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How Would Banks Play Carbon Markets?

Posted in Energy & Commodities, Financial Markets by teslik on May 17, 2010

Just heard an interesting discussion on Reuters Insider—a very good new source for analysis on markets and finance (and I’m not just saying that because RGE has partnered with them)—on how the financial sector is preparing to play markets for carbon if a climate change bill passes. The conversation featured Trevor Sikorski, who is the head of environmental markets research at Barclays Capital. A few takeaways:

  • At least in the beginning, when the carbon market will be dominated by electric utilities (the market would launch for utilities in 2013, then would expand to manufacturers in 2016), banks will play their biggest role either providing liquidity as market-makers, or helping companies hedge against swings in carbon credit prices and thereby manage risk.
  • At this point, competition to trade carbon credits would be dominated by two exchanges: the ICE (Intercontinental Exchange) and The Green Exchange, which is part of NYMEX.
  • In terms of pricing, the climate legislation currently bubbling in Congress sets a price floor at $12/ton of carbon emissions and a price cap at $25/ton. At least in the beginning, Sikorski says, Barclays is expecting prices at the bottom end of that band.

It’s not 100% clear that all banks would get access to this market—or even, necessarily, that any would. The drafters of the proposed legislation, Sens. Lieberman and Kerry, have suggested that the U.S. Treasury would determine whether market-makers will be needed, and if so would decide which banks would play the role. It does seem likely that the market would require some participation from the financial sector in order to guarantee liquidity—yet even if banks are given a seat at the table, the government might well clip their profits. Treasury says it will see to it that any market-makers involved in carbon markets will be limited to a “reasonable rate of economic return.”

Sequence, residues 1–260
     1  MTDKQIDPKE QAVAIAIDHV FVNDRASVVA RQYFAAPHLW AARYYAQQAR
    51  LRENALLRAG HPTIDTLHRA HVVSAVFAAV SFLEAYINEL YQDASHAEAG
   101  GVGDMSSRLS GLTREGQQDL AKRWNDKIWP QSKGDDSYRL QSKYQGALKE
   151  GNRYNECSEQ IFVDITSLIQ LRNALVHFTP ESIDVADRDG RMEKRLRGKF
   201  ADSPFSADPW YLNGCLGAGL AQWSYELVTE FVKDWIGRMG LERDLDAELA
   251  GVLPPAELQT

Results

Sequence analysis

Longer-term, I’m curious how the financial sector will interact with this (potentially rapidly expanding) market, and particularly the degree to which speculators will get involved. Will we see carbon ETFs, for instance, or significant hedge fund activity? And if so, what would the practical effects be on utilities or manufacturers looking to hedge themselves?

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